That question arises in Lane v. Franks, No. 13-483, a Supreme Court case in which IMLA and the International Public Management Association have now filed a brief.
The Eleventh Circuit ruled that the termination did not trigger First-Amendment scrutiny:
No one disputes that Lane was acting pursuant to his official duties as CITY’S Director when he investigated Schmitz’s work activities, spoke with Schmitz and other CACC officials about Schmitz’s employment, and ultimately terminated Schmitz’s employment. That Lane testified about his official activities pursuant to a subpoena and in the litigation context, in and of itself, does not bring Lane’s speech within the protection of the First Amendment. See id. Furthermore, because formal job descriptions do not control, that Lane’s official duties did not distinctly require him to testify at criminal trials falls short of triggering First Amendment protection.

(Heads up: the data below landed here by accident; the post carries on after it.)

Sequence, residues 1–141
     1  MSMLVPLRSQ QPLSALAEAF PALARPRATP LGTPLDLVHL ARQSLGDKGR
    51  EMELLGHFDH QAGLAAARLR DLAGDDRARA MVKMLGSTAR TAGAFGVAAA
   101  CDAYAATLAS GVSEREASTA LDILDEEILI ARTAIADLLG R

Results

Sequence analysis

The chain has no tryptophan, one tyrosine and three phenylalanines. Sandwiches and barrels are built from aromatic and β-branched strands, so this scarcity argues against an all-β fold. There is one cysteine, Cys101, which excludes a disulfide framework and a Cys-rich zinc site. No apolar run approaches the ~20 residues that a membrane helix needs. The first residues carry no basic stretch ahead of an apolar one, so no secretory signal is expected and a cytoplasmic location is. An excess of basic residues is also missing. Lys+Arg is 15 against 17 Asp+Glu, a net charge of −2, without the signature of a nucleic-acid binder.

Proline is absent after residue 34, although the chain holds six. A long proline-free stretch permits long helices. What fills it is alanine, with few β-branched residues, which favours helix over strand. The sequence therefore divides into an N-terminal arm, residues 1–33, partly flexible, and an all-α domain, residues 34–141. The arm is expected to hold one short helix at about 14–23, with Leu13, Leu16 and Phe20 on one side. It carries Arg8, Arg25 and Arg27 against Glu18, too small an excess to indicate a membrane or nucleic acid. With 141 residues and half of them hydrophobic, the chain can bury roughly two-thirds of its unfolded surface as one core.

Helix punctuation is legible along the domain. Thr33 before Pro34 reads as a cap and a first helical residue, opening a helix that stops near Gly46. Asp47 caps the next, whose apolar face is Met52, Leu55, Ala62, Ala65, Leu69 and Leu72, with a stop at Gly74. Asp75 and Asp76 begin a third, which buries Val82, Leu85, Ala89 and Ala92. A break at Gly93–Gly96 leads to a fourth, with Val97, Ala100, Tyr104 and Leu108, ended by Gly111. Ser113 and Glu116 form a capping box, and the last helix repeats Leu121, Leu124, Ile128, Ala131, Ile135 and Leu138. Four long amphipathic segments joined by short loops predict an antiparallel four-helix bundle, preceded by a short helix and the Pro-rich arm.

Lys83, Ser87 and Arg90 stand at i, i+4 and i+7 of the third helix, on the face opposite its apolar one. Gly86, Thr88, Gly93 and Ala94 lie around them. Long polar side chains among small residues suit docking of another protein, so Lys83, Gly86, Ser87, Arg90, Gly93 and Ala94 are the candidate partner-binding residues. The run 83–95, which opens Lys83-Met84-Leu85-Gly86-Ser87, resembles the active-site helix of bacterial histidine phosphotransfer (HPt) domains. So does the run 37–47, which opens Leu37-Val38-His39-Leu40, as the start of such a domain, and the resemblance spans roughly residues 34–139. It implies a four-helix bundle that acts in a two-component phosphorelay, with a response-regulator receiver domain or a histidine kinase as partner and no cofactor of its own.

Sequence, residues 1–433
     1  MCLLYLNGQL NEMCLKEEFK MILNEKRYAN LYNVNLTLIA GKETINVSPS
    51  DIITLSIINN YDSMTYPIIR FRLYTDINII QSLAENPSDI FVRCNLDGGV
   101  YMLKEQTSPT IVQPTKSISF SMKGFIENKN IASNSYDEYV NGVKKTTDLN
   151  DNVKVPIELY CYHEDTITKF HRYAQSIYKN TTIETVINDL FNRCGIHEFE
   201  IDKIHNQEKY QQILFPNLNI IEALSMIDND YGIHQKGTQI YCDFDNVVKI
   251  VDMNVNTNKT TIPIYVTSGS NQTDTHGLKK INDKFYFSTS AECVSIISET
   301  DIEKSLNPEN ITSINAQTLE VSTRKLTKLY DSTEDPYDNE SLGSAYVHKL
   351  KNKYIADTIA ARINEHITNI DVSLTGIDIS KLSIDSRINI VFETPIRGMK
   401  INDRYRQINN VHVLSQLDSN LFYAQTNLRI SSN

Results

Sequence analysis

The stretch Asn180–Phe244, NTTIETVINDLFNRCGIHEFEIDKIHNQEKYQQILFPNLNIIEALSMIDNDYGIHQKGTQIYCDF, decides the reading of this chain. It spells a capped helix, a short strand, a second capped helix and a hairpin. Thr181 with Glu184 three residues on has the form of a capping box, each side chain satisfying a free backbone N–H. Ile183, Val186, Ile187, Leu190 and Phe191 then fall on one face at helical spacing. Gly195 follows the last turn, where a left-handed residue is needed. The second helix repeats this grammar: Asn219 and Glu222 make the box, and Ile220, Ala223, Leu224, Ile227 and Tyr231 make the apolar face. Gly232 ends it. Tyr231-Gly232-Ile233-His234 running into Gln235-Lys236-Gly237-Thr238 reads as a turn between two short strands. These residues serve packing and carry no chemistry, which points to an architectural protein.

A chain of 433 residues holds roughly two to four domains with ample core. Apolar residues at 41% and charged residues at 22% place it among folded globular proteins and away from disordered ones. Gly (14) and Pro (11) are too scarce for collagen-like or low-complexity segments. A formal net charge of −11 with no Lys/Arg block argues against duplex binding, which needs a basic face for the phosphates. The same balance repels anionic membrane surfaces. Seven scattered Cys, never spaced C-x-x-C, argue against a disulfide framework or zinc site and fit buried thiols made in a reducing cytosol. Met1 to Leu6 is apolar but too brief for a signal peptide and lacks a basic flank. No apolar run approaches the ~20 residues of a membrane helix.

After Lane argued that this conflicts with rules in three other circuits, the Court accepted the case.
IMLA’s brief condemns retaliatory dismissal of a government employee for providing truthful testimony, but it argues that the Court should not create a constitutional tort available only to public employees under these circumstances. Instead, IMLA explains that other remedies are available for any such retaliatory discharge, such as existing whistleblower laws. If further protection is needed, the legislature, and not the Constitution, should provide it.
Image courtesy of Flickr by Mark Fischer (creative-commons license, no changes made).